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Steve Crow
Re: Canon - 18-200mm f/3.5-5.6 Telephoto Zoom
on Jul 20, 2010 at 10:49:13 pm

I think you've gotten some super-good advice already on this thread so I don't have much to add except consider upgrading your 50mm to the 1.4, for about $350 - maybe even before getting your next zoom (or primes)

Here's why, it's "faster" but even better from my point of view is that the focus ring is much, much wider and easier to grab a hold with. I SUSPECT that it will be much easier to focus.

With the 1.8 (which I have too) a tiny, tiny movement to the right or left can be all that stands between a shot being in or out of focus, the focusing ring is SUPER sensitive so it's not easy to get critical focus.


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Noah Kadner
Re: 50mm 1.4 is The One
on Jul 20, 2010 at 11:26:32 pm

Yeah personally I think the 1.4 50mm is a great learning lens- it's fast, relatively affordable, tack-sharp, is a perfectly versatile and flattering perspective, and it teaches you to move your camera to catch the subject rather than just zoom in. Which gives your projects a lot more visual consistency and makes you get more variety in your angles= better coverage. In short, if I had to live on a desert island with just one lens- it would be a 1.4 50mm.

Noah

Check out my book: RED: The Ultimate Guide to Using the Revolutionary Camera!
Unlock the secrets of 24p, HD and Final Cut Studio with Call Box Training. Featuring the Sony EX1 Guidebook, Panasonic HVX200, Canon EOS 5D Mark II and Canon 7D.
Learn DSLR Cinematography.


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Steve Crow
Re: 50mm 1.4 is The One
on Jul 20, 2010 at 11:58:19 pm

Noah, since it sounds like you've tried both, is the 1.4 easier to focus than the 1.8 as I surmised? In other words do it have more, errr..."throw" meaning you have to twist it further to get the same amount of focus change? Or are you still doing micro-adjustments?


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Noah Kadner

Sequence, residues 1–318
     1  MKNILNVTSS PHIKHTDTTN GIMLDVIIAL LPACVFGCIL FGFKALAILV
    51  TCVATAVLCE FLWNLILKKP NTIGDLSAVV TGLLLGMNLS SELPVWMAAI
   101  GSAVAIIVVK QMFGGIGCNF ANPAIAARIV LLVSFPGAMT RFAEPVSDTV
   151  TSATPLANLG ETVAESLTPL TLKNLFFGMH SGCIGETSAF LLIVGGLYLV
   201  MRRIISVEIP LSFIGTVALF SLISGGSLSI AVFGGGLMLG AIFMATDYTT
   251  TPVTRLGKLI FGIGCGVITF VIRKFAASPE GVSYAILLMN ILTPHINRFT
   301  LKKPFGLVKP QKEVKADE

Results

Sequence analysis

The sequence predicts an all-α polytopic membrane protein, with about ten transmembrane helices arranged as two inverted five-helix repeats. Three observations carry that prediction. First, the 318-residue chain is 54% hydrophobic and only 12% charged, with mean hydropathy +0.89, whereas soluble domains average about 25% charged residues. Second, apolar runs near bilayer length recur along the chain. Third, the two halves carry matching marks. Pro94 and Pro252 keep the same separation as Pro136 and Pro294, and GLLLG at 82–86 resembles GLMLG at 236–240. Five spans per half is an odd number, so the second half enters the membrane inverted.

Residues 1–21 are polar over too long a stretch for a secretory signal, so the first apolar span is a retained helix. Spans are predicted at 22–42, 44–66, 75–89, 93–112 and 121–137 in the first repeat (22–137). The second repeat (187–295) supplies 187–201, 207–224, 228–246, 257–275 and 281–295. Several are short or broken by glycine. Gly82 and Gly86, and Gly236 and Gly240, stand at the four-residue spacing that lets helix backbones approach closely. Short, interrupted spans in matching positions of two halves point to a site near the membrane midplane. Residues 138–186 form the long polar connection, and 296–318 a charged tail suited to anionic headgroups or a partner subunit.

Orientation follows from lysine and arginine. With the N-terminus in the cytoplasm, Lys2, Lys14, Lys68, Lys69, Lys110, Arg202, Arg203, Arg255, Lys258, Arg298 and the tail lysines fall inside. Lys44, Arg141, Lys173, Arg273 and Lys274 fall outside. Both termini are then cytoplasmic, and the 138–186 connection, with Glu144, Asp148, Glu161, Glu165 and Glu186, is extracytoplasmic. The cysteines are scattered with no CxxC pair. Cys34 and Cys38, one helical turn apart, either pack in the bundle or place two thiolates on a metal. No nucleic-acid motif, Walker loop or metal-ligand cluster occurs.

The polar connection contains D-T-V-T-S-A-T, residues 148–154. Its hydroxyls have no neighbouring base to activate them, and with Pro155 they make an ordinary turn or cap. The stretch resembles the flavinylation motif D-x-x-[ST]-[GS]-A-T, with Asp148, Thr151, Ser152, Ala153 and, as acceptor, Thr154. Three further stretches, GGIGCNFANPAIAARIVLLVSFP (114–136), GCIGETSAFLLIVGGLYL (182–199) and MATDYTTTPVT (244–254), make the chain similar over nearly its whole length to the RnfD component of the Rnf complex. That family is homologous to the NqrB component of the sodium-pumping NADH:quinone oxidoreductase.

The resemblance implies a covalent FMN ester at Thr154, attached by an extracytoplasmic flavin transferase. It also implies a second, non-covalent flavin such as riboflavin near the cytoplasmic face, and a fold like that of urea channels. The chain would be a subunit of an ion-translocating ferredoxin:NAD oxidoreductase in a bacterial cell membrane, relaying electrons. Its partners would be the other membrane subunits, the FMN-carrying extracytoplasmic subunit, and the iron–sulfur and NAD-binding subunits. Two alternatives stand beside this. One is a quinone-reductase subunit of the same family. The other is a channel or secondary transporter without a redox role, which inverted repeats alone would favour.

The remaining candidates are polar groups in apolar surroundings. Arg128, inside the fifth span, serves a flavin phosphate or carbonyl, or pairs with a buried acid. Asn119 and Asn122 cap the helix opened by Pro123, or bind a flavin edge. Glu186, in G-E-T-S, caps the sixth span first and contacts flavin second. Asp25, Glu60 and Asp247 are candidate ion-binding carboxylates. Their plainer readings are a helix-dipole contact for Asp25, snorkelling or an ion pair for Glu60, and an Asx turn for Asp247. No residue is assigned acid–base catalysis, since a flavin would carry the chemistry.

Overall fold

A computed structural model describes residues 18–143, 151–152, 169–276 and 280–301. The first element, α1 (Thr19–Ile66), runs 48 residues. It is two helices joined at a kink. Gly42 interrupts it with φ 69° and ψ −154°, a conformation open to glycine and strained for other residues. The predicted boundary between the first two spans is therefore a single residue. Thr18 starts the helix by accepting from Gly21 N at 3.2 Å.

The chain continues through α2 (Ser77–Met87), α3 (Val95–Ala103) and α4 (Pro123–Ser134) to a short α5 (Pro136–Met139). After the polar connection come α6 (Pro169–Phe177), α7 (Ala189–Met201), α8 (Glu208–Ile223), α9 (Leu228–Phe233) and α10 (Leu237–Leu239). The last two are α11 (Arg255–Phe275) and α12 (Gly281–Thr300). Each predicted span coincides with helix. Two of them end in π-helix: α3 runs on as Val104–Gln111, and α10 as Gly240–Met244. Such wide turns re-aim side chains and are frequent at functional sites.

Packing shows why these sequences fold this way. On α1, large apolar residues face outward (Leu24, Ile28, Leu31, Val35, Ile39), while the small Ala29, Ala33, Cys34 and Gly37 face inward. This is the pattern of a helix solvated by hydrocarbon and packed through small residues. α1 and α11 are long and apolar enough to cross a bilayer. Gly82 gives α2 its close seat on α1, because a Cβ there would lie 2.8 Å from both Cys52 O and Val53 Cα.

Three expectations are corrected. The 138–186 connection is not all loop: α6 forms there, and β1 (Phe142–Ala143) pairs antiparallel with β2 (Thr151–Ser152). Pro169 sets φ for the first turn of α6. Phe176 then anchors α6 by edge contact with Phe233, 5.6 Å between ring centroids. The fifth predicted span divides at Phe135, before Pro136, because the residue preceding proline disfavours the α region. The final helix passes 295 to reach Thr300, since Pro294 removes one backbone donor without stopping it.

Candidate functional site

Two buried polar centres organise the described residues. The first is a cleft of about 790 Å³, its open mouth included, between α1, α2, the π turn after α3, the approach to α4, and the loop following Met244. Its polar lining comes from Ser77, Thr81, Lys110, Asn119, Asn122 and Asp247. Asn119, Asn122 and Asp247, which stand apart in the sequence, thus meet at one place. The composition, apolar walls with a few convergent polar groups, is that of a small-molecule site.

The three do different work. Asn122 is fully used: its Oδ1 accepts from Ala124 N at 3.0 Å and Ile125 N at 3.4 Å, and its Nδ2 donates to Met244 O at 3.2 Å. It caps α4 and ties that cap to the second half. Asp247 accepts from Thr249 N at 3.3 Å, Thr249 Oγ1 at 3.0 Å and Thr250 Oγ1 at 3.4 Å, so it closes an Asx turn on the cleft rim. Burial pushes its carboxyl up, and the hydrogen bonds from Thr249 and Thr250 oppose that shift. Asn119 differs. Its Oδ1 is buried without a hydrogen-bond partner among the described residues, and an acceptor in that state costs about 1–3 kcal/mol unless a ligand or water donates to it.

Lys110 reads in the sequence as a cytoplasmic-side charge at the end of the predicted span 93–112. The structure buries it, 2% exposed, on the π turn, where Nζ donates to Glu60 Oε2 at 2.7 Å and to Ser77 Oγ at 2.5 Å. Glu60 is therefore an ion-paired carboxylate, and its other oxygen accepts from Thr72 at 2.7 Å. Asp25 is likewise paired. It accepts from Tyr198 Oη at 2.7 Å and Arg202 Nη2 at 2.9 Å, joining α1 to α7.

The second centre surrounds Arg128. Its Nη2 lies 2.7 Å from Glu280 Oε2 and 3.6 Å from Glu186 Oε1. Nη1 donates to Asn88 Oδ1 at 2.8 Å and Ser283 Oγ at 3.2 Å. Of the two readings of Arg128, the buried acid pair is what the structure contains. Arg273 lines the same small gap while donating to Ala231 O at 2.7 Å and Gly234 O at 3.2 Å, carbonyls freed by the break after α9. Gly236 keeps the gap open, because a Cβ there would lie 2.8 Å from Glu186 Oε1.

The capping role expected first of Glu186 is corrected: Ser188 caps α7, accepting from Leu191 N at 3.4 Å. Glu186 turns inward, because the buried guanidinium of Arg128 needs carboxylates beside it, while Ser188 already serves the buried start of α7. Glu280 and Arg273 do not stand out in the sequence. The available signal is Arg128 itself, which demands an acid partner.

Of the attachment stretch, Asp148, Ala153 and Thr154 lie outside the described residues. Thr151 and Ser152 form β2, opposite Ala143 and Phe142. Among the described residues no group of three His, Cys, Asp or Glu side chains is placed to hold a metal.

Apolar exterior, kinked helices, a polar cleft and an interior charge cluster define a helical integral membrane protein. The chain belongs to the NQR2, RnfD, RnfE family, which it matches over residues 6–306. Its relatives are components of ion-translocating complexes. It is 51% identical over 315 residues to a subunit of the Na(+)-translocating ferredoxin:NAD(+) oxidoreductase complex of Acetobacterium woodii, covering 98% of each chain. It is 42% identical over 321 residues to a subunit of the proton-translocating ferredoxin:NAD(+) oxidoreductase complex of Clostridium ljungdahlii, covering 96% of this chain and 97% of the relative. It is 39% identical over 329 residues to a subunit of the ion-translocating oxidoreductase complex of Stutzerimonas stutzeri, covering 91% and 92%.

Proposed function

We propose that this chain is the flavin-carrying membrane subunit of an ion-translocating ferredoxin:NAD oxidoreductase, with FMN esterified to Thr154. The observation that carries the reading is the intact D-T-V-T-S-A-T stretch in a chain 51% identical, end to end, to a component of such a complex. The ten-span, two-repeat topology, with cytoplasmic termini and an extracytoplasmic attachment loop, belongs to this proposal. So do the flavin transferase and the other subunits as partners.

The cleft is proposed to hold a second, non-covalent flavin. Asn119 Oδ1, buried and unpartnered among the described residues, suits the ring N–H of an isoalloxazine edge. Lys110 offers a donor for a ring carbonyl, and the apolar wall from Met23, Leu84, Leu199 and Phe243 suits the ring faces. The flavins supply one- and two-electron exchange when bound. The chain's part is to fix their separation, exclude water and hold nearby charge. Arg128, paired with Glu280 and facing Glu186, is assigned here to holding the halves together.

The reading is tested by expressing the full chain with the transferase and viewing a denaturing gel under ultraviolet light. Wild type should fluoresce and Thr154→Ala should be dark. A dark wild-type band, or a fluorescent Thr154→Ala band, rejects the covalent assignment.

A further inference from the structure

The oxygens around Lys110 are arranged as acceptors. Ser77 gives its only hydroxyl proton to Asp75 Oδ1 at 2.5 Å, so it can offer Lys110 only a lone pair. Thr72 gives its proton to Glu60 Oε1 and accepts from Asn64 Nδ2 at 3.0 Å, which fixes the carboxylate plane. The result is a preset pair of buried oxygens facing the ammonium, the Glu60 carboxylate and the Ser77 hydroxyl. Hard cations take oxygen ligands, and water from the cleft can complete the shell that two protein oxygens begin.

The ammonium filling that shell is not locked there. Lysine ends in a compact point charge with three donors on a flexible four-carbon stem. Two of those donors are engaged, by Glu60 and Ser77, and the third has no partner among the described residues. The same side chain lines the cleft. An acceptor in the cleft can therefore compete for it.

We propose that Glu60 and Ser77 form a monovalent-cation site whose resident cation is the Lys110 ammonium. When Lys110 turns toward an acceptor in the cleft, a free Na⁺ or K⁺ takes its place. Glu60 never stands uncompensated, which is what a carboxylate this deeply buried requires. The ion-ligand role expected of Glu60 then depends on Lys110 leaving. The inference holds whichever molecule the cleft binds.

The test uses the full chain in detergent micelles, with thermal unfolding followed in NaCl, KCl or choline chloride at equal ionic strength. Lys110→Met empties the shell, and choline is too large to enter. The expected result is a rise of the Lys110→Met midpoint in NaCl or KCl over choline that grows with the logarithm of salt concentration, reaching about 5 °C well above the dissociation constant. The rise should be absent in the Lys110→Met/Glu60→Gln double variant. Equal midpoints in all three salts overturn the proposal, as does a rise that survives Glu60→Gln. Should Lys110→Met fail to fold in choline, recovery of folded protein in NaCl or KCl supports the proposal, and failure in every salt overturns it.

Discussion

Re: 50mm 1.4 is The One
on Jul 21, 2010 at 3:06:27 am

I'd still get a mechanical follow focus/matte box if I were *really* serious about it. But sure anything that's bigger and better is going to help.

Noah

Check out my book: RED: The Ultimate Guide to Using the Revolutionary Camera!
Unlock the secrets of 24p, HD and Final Cut Studio with Call Box Training. Featuring the Sony EX1 Guidebook, Panasonic HVX200, Canon EOS 5D Mark II and Canon 7D.
Learn DSLR Cinematography.


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Richard van den Boogaard
Re: 50mm 1.4 is The One
on Jul 21, 2010 at 9:10:49 am

Best advice you can get. Go out with your 50mm (I have the F1.2 one) and force yourself into changing positions in order to get correct framing. This does result in better coverage.

The bad thing about zooming is that it compresses your shots. On a recent project I recorded at several intervals along the zoom range, thinking I could cut these together in post. Unfortunately, the buildings in the background were shifting positions as the image became more and more compressed. Had I physically moved instead with a prime lens, the footage would have been perfectly usable.

Recording with a camera should be compared to what you can see with your eyes - they don't zoom either.

Richard van den Boogaard
cameraman / editor / video marketing consultant

Branded Channels
W: http://www.brandedchannels.com


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Michael Sacci
Re: 50mm 1.4 is The One
on Jul 24, 2010 at 9:29:13 pm

[Richard van den Boogaard] "Recording with a camera should be compared to what you can see with your eyes - they don't zoom either."
Mine do! I had them specially made for me.